On a personal note, when I get very sick with mast cell disease, I am very good at focusing on one thing at a time, because that’s basically all that I can do.

4) Improve your “concentration muscle”

Concentration is a skill that anyone can learn, and by concentrating all day — being mindful — you improve that skill. Over time, this creates new wrinkles in your brain, and eventually your practice will take on a life of its own.

5) Mindfulness helps your seated meditation practice

Being mindful and concentrating all day makes it easier to start concentrating when you get on the meditation cushion. Unlike most people who sit down with a scattered, “monkey mind,” when you sit down your mind is already in a focused state, so after a few breaths you can get into a great seated meditation state.

6) Use your concentration skill on other tasks

Your concentration skill will help you move to the next stages of your meditation practices. First you build the concentration muscle, then you apply that muscle to whatever you want to focus on.

What do you want to improve in your life? Play tennis or pickleball better? Focus more when you’re reading, writing, or working? All of these become easier, and you are more focused, because your concentration and focus is better.

7) The day becomes something that happens within your meditation

Eventually, you will learn to be in a mindful and meditative state all day. As Shinzen Young wrote, “In the beginning, meditation is something that happens within your day. Eventually, the day becomes something that happens within your meditation.”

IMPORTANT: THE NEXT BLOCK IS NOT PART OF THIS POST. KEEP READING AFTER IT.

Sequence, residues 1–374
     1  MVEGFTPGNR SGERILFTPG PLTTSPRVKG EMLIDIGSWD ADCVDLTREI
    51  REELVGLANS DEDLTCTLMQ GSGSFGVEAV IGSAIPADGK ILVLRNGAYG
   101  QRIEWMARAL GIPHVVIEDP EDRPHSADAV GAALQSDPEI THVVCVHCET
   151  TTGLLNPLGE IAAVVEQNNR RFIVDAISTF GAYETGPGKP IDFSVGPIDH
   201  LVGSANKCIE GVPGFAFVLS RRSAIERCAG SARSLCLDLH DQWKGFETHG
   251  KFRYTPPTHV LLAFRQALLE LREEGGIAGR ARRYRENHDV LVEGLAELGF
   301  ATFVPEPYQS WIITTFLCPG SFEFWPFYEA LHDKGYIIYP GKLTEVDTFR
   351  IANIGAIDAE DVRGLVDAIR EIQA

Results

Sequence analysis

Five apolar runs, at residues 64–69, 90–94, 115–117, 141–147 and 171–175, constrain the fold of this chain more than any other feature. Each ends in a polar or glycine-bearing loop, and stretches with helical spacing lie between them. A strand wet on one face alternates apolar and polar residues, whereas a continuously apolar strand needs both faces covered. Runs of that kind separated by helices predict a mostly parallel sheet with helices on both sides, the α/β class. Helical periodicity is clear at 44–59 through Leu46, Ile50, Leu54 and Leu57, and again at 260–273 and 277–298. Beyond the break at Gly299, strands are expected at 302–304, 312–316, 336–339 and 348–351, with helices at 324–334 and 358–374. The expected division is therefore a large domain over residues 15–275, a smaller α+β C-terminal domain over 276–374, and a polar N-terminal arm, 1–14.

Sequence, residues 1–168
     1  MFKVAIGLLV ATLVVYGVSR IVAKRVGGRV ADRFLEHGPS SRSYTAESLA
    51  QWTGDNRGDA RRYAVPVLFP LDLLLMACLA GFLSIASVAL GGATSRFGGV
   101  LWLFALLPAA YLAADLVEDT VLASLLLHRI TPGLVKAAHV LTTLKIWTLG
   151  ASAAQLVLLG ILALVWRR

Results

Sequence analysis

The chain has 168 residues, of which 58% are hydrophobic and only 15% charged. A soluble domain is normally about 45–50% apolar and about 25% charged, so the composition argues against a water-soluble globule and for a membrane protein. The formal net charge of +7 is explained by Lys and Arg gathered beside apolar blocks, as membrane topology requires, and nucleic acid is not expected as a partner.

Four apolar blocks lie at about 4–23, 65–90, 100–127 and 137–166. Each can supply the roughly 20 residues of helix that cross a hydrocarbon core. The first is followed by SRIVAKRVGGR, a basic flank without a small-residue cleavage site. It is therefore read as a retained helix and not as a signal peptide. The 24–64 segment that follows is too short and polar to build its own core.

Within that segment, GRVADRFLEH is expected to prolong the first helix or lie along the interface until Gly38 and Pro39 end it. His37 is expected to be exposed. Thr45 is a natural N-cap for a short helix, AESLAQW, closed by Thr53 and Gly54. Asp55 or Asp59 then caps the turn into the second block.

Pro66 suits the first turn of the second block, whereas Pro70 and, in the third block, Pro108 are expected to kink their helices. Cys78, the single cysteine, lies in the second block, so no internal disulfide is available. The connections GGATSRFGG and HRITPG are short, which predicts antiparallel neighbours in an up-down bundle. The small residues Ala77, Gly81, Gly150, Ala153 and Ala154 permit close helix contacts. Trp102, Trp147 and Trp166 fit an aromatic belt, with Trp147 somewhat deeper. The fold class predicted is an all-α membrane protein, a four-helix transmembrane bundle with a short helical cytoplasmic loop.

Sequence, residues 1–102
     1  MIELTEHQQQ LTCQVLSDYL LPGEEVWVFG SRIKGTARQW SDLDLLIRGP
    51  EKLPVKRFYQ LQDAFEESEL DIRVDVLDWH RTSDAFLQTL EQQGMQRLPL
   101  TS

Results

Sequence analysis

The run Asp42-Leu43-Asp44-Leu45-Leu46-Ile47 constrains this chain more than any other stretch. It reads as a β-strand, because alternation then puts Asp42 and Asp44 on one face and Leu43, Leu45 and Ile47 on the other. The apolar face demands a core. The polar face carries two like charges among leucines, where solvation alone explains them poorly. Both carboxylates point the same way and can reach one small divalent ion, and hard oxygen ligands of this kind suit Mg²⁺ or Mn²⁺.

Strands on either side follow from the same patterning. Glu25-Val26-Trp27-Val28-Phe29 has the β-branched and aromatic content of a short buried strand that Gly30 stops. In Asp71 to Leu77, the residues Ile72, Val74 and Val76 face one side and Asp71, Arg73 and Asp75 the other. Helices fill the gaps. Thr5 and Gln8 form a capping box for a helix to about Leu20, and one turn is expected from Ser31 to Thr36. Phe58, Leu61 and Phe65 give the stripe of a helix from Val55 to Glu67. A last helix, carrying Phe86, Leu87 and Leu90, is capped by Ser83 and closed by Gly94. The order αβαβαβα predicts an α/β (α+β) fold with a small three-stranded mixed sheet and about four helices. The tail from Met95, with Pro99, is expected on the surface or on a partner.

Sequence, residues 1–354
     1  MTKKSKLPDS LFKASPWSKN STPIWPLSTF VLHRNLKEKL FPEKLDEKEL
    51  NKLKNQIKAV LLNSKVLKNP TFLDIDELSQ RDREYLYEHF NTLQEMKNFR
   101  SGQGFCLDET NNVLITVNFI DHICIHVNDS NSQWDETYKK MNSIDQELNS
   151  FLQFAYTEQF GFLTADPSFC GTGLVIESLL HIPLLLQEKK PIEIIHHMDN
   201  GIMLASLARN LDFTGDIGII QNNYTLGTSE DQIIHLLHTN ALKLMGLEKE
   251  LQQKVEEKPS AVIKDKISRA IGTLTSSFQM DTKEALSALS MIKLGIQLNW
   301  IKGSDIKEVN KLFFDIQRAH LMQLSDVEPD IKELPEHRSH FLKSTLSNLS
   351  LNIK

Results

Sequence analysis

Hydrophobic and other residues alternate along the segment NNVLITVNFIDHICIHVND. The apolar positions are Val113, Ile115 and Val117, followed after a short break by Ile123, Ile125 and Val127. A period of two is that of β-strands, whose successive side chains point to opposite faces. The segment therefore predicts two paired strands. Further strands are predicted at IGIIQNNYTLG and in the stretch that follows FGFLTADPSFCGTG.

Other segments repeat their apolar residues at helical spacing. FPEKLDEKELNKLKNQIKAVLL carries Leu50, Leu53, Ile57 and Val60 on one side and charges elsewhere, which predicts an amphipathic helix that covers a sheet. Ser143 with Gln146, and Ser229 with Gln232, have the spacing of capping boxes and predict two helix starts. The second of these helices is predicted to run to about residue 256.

When most people start, being mindful all the time is hard and it takes practice. Again and again you have to remind yourself to come back to the present moment. But once your practice takes on a life of its own, one day you will find that you are being mindful all the time, and then your day is something that happens inside your meditation practice.

8) Stress management

As I’ve written elsewhere, at the beginning of a session I used to not like starting to meditate or starting to practice yoga — it felt like a waste of time — but by the time I finished the session I didn’t want to stop because I felt so relaxed and good.

9) Pain management

Yoga is great for pain management, and similarly you can learn to manage pain through meditation. As Anandamayi Ma said one time when people asked her if she was suffering while she was dying, and she said, “This body suffers, but I do not.” There are many similar stories like this about people who learn to meditate deeply.

Conversely, things like desire and worry keep you from truly being in the present moment. If you find yourself saying, “I worry about ___”, you are not being mindful; you are thinking about the future. As Eckhart Tolle said, “You cannot be both unhappy and fully present in the Now.”


As I think of more reasons about being mindful — motivations for being mindful throughout your day — I’ll share them here. But for now, given what I know, I hope this is a good start.